Reactive oxygen species from mitochondria impacts trophoblast fusion and the production of endocrine hormones by syncytiotrophoblasts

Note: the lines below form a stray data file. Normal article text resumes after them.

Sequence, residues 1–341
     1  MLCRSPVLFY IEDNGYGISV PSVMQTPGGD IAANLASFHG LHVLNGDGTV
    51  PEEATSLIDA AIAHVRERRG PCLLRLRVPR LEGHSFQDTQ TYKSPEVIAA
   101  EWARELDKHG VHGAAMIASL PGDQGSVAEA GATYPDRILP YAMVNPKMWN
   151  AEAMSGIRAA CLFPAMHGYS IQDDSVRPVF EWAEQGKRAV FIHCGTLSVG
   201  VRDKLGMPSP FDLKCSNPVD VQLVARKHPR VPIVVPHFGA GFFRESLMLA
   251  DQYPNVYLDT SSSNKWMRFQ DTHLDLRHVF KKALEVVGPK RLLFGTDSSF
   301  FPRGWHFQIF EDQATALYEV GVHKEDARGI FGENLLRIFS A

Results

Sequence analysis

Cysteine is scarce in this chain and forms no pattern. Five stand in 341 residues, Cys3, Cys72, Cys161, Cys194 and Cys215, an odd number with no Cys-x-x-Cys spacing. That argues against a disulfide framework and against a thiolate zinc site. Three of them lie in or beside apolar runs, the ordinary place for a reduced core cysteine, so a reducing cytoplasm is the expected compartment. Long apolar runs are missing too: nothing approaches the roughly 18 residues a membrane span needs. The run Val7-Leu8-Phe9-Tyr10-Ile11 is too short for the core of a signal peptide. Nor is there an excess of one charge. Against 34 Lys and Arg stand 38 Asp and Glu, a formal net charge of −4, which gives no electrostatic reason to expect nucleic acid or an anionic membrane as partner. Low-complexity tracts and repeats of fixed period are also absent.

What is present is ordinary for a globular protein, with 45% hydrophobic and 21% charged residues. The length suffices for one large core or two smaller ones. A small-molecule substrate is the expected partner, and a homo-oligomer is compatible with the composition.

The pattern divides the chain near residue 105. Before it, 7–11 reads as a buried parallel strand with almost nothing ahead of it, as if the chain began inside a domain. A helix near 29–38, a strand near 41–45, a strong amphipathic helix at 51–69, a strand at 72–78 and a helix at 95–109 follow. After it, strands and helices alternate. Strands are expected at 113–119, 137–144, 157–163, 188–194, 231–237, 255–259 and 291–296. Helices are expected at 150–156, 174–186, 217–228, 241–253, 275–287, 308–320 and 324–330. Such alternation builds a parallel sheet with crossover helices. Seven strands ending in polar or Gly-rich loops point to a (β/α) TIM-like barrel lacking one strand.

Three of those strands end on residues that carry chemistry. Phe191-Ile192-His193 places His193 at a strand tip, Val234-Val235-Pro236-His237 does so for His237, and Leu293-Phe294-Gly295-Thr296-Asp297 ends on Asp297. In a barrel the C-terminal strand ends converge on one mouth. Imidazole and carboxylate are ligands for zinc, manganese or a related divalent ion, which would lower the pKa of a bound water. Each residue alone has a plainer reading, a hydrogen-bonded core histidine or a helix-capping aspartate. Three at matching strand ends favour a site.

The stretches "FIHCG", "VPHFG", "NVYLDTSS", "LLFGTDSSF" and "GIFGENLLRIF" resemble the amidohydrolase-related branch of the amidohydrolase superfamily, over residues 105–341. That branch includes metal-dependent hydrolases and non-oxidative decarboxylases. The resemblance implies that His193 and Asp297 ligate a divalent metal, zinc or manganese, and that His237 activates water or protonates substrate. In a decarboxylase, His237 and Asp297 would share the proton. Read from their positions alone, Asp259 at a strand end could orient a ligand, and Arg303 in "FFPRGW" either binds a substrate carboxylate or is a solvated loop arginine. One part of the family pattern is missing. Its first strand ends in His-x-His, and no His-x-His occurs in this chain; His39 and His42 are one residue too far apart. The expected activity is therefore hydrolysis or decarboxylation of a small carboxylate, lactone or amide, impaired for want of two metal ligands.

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The placenta, a tissue that is metabolically active and rich in mitochondria, forms a critical interface between the mother and developing fetus. Oxidative stress within this tissue, derived from the dysregulation of reactive oxygen species (ROS), has been linked to a number of adverse fetal outcomes. While such outcomes have been associated with mitochondrial dysfunction, the causal role of mitochondrial dysfunction and mitochondrially generated ROS in altering the process of placentation remains unclear. In this study, mitochondrial complex I activity was attenuated using 10 nM rotenone to induce cellular oxidative stress by increasing mitochondrial ROS production in the BeWo choriocarcinoma cell line. Increased mitochondrial ROS resulted in a significant decrease in the transcripts which encode for proteins associated with fusion (GCM1, ERVW-1, and ERVFRD-1) resulting in a 5-fold decrease in the percentage of BeWo fusion. This outcome was associated with increased indicators of mitochondrial fragmentation, as determined by decreased expression of MFN2 and OPA1 along with an increase in a marker of mitochondrial fission (DRP1). Importantly, increased mitochondrial ROS also resulted in a 5.0-fold reduction of human placental lactogen (PL) and a 4.4-fold reduction of insulin like growth factor 2 (IGF2) transcripts; hormones which play an important role in regulating fetal growth. The pre-treatment of rotenone-exposed cells with 5 mM N-acetyl cysteine (NAC) resulted in the prevention of these ROS mediated changes in BeWo function and supports a central role for mitochondrial ROS signaling in the maintenance and function of the materno-fetal interface.
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